How to Shop for a Mortgage Online
Ron Milman refinanced his mortgage in early 2015. A resident of an Atlanta suburb, Milman says he saved money, closed quickly, and except for one quick trip to a local bank to meet a local attorney to finalize paperwork, he never left his home office. Working strictly online and by phone, he says getting his mortgage online was a painless process for him. "I really don't like going into an office," he says. "It's so much wasted time and effort."
If you're in the market for a home loan, whether for a purchase or refinance, you may have toyed with the idea of using an online lender. But you may be wondering what getting a mortgage online is like. How is the process different?
"The Internet provides the most convenient way for consumers to compare mortgage service offerings; as a result, a growing portion of mortgage originations are anticipated to be completed online in the years to come," says Stephen Hoopes, an analyst with research firm IBISWorld.
It's important to first understand that shopping for a mortgage online can be different than getting a mortgage online. In the first scenario, you may be using a service that doesn't actually make loans but helps connect you to lenders. In the latter case, you actually apply for and complete the process largely online.
With that in mind, here are some of the differences when you get an online mortgage:
The Internet Holds Answers
Aren't sure about a mortgage term? Need help deciding which type of loan to get, or whether to go for a longer-term loan or a shorter one? You can take a break to research it before you decide without giving a loan officer a blank stare or feeling like you are being put on the spot. Not that you can't do that before you shop for a mortgage anyway, but apparently quite a few consumers don't fully educate themselves on all their options when getting the largest loan of their lives.
A recent report by the Consumer Financial Protection Bureau found that almost half of borrowers seriously consider only a single lender or broker before deciding where to apply. The CFPB also says that most borrowers rely heavily on those who have a financial stake in the transaction, and less than half get a lot of their information from outside sources such as websites, financial and housing counselors, or friends, relatives or co-workers.
Of course, researching online can be a double-edged sword. You need to make sure you are getting information from reliable sources, such as independent educational websites. The CFPB is one source of free education through its Owning a Home initiative.
Do It on Your Own Time
Need to dig up a bank statement for your lender? Want to check on the status of your appraisal? With an online lender you can usually take care of those things whenever it's convenient for you. Information about the status of your loan will be available to view online, and if you have a question, employees may be available to review your loan file and answer questions outside of the standard banking hours. "You can see (your information) 24/7 and you are not locked into business hours getting a hold of your loan officer or processor," says Bob Walters, chief economist at Quicken Loans.
While virtually the entire process can take place online, you aren't tied to your computer. If you have to provide documentation and don't have a fax machine or scanner, you should be able to overnight bank statements, tax returns or other documents to the lender. Certain documents will have to be notarized, and the notary will come to you or meet you in a convenient location, such as a local coffee shop. Most closings for purchase transactions take place at a title company, while closings for refinance transactions can take place anywhere you choose.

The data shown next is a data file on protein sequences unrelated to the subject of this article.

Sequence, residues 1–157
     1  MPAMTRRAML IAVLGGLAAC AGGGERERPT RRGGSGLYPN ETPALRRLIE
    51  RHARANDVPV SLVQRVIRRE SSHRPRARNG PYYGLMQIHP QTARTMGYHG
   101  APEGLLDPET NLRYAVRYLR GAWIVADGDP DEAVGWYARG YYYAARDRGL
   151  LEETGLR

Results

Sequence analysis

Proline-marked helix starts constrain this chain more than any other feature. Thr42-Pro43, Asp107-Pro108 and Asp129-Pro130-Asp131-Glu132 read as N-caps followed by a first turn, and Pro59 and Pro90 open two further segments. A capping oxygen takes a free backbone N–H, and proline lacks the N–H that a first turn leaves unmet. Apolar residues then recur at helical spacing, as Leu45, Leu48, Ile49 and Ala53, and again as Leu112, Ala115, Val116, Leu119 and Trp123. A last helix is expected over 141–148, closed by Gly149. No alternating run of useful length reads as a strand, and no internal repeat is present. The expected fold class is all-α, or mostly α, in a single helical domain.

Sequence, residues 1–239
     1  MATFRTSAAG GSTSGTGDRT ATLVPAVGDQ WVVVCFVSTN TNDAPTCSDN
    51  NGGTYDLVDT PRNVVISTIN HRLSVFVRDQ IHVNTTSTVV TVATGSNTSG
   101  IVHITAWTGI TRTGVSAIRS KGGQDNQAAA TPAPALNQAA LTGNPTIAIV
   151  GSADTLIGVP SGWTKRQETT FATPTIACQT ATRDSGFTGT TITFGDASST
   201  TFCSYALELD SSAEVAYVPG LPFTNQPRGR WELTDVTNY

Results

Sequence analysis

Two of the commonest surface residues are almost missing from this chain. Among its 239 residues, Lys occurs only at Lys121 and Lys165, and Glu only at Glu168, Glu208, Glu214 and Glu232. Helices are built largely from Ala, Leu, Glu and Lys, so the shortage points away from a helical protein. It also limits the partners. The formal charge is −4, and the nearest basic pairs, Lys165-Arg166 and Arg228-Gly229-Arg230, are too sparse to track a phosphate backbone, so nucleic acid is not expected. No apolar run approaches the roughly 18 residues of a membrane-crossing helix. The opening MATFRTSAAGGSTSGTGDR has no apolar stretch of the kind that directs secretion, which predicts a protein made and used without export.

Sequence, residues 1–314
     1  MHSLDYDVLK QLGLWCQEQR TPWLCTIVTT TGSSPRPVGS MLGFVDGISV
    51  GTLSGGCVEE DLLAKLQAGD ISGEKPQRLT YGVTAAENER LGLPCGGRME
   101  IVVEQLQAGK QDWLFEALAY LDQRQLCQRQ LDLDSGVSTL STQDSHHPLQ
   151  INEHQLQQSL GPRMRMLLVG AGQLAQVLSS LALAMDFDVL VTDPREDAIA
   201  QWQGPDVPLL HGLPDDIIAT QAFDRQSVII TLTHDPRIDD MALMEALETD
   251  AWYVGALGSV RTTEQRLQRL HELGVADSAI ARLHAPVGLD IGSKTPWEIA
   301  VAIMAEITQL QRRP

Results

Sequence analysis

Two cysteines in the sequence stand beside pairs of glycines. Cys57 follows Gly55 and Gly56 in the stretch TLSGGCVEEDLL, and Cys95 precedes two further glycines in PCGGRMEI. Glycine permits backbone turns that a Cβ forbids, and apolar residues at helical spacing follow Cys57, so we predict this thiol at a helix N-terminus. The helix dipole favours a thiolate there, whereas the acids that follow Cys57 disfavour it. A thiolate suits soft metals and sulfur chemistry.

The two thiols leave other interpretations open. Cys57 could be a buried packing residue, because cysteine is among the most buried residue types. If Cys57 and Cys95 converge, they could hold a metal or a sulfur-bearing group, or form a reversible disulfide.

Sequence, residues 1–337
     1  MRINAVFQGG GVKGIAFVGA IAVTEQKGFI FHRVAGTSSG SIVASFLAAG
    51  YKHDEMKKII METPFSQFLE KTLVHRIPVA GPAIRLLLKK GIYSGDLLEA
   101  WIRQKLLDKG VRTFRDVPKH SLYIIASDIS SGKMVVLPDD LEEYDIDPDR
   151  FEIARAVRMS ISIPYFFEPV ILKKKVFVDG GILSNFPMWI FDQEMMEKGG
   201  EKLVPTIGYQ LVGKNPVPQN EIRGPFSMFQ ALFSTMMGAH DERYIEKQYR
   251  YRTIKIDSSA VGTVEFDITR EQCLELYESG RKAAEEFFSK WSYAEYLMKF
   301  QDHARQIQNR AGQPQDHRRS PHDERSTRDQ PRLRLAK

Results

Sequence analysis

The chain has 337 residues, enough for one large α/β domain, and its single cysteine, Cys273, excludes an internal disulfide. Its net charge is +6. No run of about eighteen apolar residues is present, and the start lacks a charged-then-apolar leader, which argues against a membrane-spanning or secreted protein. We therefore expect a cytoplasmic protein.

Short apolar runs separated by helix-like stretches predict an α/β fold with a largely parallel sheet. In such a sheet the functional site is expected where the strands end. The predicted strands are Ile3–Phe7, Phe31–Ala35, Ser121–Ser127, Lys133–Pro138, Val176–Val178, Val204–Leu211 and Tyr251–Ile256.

Some Things Never Change
Of course, whether you decide to work with a local lender or an online mortgage company, certain things don't change. You will want to get your free annual credit reports to make sure they are accurate. Do this at least six weeks before you plan to apply, or earlier if possible, to give yourself time to correct mistakes. In addition, getting a free credit score will help you understand whether your credit is excellent, fair or poor. (You can get two of your credit scores for free on Credit.com.) While you are at it, if you hope to buy a home, it's a good idea to get pre-approved for a mortgage.
And be prepared to be 100% truthful and supply documentation your loan officer may need -- including copies of bank statements, tax returns, pay stubs, etc. Just because you scan documents doesn't mean you won't have paperwork! But you may save a few trees -- and save yourself a few headaches -- this way.
It goes without saying that you should make sure you are dealing with a reputable lender with a secure website. No one should be emailing a copy of your tax return or credit report back and forth to you. The last thing you want is for this kind of sensitive information to fall into the hands of a scammer.
And while rates are very important, Scott Sheldon, a loan officer with Sonoma County Mortgages and a Credit.com contributor, warns that you may get what you pay for. "Internet lenders are priced incredibly thin. Their pricing and rates can be fantastic, but they operate solely off of volume."
He is concerned that going this route can be especially risky for homebuyers with unique circumstances or a less than "squeaky clean" file. What happens to your home purchase if the "underwriter denies your file because it wasn't packaged properly upfront by the loan officer whose is also working on 50 other loans simultaneously?" he asks.
For Milman, at least, the process that started with a phone call in December resulted in a closed loan by mid-January. "It makes a whole lot of sense to do this online," he says.